On the professional side the contrasts constantly illumine the transformation of classical Indian dance within contemporary society. Kesha Raithatha presents the traditional form of Indian dance in a narrative work, Lalita Lavang, in kathak style with the delight and precision of her gesture, posture, rhythm and her storytelling eyes. Yet in the final work of the evening, Traces, Raithatha sets aside tradition to reveal a quite different dramatic presence, one that evolves out of a contemporary existential philosophy that demands its own expression. Traces is the result of a 2015 Choreogata commission from Akademi which allowed Raithatha to choose a choreographic mentor (Eva Recacha). Launching bravely into unfamiliar territory with no narrative and an aural environment of powerful prayer chant, a lot of silence, and some recorded sounds, Traces is a journey in which Raithatha’s body becomes her eyes as she searches for expression within a fortress of her imagination. There are moments of great beauty and force where her classical technique sustains her, but it is her choreographic approach and her innate sense of drama that takes her and Traces into exciting, unchartered territory.

Archana Ballal does not entirely leave behind her classical Indian training in As Small as a World and as Large as Alone, but she changes the context to a contemporary narrative on agoraphobia affecting a young woman planning to go on holiday. Using text and a contemporary musical context — including a sultry Pharaoh’s Dance by Miles Davis — Ballal represents herself as she is: a contemporary woman in a contemporary environment. She is dressed as she might be in her own flat, surrounded by a table with flowers in a vase, a couple of chairs, a suitcase and a wastepaper basket full of crumpled plans. She translates her text into gestures that avoid any literal relationship; they are a parallel physical expression with which she builds her dance. She spends a little too much time with the single idea of unpacking and repacking, losing the careful construction of the opening, but she finishes strongly where she began, with her indecision only delayed.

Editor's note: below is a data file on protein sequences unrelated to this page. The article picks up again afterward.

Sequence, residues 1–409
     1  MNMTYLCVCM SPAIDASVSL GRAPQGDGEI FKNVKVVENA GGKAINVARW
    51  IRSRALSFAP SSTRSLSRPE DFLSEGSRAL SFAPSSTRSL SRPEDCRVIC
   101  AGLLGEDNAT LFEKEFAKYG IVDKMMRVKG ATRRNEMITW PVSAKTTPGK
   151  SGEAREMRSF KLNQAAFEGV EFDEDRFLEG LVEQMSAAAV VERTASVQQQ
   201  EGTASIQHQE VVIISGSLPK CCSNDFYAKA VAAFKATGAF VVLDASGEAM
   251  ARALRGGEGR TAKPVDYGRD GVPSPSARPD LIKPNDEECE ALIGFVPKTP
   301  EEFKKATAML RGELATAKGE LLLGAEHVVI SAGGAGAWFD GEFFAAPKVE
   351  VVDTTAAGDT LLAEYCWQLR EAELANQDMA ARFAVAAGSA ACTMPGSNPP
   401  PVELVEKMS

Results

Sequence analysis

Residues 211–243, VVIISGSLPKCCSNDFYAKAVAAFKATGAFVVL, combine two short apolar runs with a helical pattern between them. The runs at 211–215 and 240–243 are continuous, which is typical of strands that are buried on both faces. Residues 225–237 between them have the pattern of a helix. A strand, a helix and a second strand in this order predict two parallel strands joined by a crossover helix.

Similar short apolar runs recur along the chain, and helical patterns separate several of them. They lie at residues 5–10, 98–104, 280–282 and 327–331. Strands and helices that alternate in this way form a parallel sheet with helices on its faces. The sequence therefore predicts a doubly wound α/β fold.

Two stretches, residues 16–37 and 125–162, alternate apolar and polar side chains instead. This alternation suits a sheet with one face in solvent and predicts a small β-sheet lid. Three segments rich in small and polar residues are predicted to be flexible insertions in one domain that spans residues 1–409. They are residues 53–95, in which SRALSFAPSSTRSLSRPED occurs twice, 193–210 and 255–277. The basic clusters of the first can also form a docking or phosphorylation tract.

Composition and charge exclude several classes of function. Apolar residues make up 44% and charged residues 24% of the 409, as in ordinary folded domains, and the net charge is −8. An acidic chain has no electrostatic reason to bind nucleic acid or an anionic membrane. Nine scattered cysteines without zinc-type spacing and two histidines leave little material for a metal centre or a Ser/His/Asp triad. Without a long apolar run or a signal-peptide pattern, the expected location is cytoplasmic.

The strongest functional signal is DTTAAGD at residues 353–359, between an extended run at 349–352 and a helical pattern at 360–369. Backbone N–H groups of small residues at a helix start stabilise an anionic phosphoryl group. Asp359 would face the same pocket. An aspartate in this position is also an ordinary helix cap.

In Two by Two choreographer Hari Krishnan casts aside both the classical movement and the context. I am perhaps the only person not to have seen Vidya Patel win the South Asian category of the 2015 BBC Young Dancer of the Year Award, so when I see her natural ability in Krishnan’s work alongside Jaina Modasia I wonder who this extraordinary young woman is. First you notice the commanding eyes, and then she begins to move. Krishnan’s use of the thrust and parry gestures of a boxing match is a beautiful example of Patel’s flow extruded through a lyrical body, though it is also apparent in her effortless opening jumps. Krishnan’s vehicle is a witty and rhythmical abstraction of episodes that seem to wander in an out of classical dance with a sly and knowing grin. Modasia is a perfect foil for Patel, creating a harmony between the two that makes them and the choreography look as refreshing as a choreographic… vacation.